European insurance giant Generali has become the seventh major firm to stop insuring the construction of new coal plants and mines and stop accepting coal companies as new clients.
Following strong pressure from NGOs, the Board of Generali adopted a new coal exit policy on November 09, joining the ranks of AXA, Allianz, Zurich, Swiss Re, Munich Re and SCOR in limiting insurance support for coal.
“Generali's move shows that coal is increasingly becoming uninsurable. The majority of global insurance companies with the expertise to lead in assessing and underwriting new power plants have now committed to end or limit insurance for new coal projects,” said Lucie Pinson, European coordinator of the Unfriend Coal campaign.
“Recent climate disasters should remind industry laggards of the urgent need for action. The latest IPCC report makes clear that we have to act on an unprecedented scale to phase out coal if we are to meet the 1.5C global warming target and avoid dangerous climate change."
Generali’s stance is stronger than some others in that it will turn away from new coal projects and new client companies. However, it for now doesn’t exclude the coverage of existing coal projects like the policies of Allianz, AXA and Zurich have done. The Italian insurer’s policy also contains another loophole, which allows them to insure the modernisation and retrofitting of coal power plants owned by existing clients.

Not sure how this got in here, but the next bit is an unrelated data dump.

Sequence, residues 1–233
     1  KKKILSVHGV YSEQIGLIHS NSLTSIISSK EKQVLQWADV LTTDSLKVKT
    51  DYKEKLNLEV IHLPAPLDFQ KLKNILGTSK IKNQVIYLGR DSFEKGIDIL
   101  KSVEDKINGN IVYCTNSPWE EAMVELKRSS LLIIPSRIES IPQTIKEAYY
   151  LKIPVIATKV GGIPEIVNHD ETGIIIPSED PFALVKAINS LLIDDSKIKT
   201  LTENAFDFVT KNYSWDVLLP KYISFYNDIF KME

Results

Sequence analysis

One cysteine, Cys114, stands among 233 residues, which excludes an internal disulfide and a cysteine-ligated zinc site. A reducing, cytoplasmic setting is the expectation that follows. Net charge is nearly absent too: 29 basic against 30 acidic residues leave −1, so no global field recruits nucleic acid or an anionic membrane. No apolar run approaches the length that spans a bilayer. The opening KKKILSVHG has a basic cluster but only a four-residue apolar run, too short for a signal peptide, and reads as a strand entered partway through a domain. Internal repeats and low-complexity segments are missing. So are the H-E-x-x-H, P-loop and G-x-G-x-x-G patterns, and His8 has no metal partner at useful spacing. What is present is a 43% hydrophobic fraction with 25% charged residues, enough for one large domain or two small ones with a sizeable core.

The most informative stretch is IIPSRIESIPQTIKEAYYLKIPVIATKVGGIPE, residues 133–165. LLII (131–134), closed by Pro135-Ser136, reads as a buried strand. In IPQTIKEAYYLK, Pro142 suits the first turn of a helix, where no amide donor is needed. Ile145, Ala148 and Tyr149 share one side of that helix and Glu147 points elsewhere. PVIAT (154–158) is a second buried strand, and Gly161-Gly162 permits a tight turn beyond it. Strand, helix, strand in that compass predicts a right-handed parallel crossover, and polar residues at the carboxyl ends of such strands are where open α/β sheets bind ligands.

Greenpeace and the Unfriend Coal campaign have welcomed the new Generali policy as a sign that coal is increasingly becoming uninsurable. Greenpeace Italy climate campaigner, Luca Iacoboni, said: “With its new coal exclusion policy Generali sent an important signal today: Coal is becoming uninsurable and should make room for the urgent energy transition towards 100% renewable energy.
“It’s not just a matter of securing the survival of our planet, but of the insurance industry as well. Even Moody’s Investor Service warned that climate change has a net negative credit impact on the (re)insurance industry. (Re)insurers like AIG, Chubb, Mapfre, Hannover Re-Talanx, Vienna Insurance Group and Uniqa, who are all still actively insuring coal, must get with the times, move away from the dirty fuel or face public scrutiny and economic losses.”